I’ve had a complaint about my articles becoming too serious but unfortunately there’s not much to laugh about at the minute.
Having said that, the county dinner dance did survive Covid19 and was probably the last time many of us went out socially.
We had an excellent night with the venue and band in top form, but it was the 190 members, old and new who attended, that truly made it a great success whilst raising just under £1,000 for RABI.
A massive thank you to Di Swift, Helen Wainwright and my wife Claire for organising the event, the group secretaries who sold tickets and special thanks to Lucy in the Nantwich office who really went the extra mile. Hopefully no one took offence at any comments I made during a light-hearted review of the year.
For once in what seems a lifetime, Brexit or the weather isn’t foremost on everyone’s mind.
The Coronavirus has affected the whole world, with many countries in some form of lockdown and businesses and schools in the UK closed. Employees are now working from home where possible, something I’ve been doing for 35 years.
Donald Trump refers to it as the Chinese virus which I first thought immature, but if theories are correct and China knew about Coronavirus but hid the facts, losing two months of time and causing thousands more deaths in the process, it must be held to account. Bats are for hitting balls with, not for eating.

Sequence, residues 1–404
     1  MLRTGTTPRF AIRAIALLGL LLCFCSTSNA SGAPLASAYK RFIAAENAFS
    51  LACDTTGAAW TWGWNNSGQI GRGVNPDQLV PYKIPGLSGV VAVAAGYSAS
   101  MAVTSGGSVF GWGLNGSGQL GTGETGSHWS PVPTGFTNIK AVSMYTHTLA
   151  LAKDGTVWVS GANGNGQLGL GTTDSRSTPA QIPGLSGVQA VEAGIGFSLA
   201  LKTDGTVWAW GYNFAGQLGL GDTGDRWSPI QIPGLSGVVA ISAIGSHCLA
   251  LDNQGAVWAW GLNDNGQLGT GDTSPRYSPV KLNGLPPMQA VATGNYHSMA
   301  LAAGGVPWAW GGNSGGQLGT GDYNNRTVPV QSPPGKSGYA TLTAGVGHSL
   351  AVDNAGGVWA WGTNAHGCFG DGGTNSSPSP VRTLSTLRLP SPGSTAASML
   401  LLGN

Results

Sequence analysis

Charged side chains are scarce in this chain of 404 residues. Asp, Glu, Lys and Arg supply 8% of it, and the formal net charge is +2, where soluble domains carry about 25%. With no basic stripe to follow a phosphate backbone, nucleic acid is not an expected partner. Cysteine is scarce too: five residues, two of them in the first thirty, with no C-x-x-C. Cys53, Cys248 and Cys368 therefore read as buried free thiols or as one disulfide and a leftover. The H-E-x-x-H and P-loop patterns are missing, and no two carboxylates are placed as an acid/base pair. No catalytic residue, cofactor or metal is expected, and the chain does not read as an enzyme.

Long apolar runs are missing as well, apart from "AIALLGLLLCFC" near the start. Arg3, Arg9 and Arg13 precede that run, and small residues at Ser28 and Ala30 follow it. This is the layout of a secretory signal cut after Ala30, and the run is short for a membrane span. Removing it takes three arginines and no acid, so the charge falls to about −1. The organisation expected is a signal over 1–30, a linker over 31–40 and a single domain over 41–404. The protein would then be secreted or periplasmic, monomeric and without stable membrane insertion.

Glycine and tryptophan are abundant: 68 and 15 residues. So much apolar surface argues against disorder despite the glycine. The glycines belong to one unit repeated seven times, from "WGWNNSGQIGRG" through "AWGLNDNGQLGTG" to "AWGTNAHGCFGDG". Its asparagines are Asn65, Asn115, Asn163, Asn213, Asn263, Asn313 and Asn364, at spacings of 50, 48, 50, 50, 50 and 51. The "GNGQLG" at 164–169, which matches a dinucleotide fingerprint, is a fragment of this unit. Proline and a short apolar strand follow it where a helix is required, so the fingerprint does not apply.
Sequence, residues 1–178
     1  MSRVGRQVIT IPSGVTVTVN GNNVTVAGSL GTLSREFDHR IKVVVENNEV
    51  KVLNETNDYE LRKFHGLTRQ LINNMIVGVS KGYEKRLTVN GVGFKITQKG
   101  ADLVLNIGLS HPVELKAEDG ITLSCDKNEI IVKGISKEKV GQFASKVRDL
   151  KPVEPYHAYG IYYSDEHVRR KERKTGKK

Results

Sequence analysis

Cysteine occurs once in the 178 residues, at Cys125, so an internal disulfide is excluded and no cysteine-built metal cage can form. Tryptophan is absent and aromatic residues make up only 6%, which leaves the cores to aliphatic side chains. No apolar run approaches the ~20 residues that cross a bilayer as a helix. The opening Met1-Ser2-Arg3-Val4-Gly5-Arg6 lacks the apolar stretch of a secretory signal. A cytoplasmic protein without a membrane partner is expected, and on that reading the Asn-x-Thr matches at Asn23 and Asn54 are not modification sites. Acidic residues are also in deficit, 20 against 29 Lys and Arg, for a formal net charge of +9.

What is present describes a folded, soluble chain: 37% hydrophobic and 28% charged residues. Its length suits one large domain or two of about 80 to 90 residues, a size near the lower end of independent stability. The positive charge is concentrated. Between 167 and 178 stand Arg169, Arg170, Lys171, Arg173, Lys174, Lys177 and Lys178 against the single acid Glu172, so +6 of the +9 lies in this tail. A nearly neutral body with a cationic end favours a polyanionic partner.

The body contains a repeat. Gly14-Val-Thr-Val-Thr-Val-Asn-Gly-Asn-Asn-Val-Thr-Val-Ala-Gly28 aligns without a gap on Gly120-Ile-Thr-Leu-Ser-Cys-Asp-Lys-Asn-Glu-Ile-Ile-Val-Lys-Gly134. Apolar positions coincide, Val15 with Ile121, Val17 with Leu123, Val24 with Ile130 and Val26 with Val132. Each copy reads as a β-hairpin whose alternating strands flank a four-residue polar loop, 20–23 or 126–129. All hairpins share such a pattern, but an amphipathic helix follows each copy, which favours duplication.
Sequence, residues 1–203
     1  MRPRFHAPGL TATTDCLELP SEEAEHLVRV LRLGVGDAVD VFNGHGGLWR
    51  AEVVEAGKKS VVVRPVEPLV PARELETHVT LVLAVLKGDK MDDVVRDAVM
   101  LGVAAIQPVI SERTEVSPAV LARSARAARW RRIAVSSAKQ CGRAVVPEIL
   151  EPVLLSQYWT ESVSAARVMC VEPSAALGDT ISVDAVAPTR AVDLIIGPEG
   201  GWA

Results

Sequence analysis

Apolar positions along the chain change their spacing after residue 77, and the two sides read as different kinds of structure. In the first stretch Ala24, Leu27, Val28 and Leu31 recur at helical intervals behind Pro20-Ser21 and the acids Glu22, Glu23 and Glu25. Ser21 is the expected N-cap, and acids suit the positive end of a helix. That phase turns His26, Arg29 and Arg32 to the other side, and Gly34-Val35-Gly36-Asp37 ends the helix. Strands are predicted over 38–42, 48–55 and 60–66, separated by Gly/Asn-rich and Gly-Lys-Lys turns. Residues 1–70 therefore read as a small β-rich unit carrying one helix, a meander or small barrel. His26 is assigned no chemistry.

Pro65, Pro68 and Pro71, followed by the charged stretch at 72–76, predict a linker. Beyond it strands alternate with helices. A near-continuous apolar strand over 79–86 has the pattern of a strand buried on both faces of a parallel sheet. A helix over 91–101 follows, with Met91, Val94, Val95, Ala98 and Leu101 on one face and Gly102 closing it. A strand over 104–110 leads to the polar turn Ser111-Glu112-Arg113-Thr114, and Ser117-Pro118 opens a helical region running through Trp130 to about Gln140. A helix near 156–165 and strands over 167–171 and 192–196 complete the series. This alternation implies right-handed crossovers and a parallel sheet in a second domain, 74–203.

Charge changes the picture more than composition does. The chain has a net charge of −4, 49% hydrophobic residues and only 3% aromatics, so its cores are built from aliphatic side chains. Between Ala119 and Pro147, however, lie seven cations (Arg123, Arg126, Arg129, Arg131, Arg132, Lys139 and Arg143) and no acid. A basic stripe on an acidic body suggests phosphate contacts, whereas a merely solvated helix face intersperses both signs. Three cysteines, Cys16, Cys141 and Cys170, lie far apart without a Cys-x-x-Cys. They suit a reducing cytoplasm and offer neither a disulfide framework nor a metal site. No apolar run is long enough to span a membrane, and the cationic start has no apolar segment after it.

This virus will alter the world’s opinions. The goal must be not just to learn but to remember.
Supply chains involving food have altered with many eateries closing down, meaning their suppliers have lost a massive part of their market. Sadly, they’re still able to pass on their losses to their suppliers, the farmers, who ultimately take the hit.
Freshways, the milk processors who supply large coffee shop chains, have reduced their milk price and delayed payments by a month to farmers. This is devastating to the farmers involved. However, it doesn’t stop there.
Freshways have milk processed by many other dairies who in turn have their own farmers. There must be some form of support from the Government put in place temporarily to prop up these businesses. Allowing them to fail will have disastrous consequences.
Potato buyers who supply large chains which sell fries must have the shortest memories. I simply cannot believe they’re wanting to tear up contracts on tonnages as the likes of McDonalds close.
These are the very same contracts that were unbreakable during the last two years when crops were light due to drought or it was too wet to lift them - it beggar’s belief.
Fairness is all we have ever asked for with clarity throughout the supply chain and openness on how food is produced so that our customers, the public, can make informed decisions at purchase. Perhaps now people who buy the produce will remember the British farmers who produced it, the small local shops and butchers who got it on the shelves and in many cases delivered it.
Will they remember the so-called unskilled workers who suddenly became key workers on farms, processing lines in abattoirs and dairies, drivers transporting human and animal food around the country?
Will they remember how pollution dropped massively due to the drop in flights, yet cow numbers stayed the same?
Only time will tell, but they should if they want to keep this Kingdom united.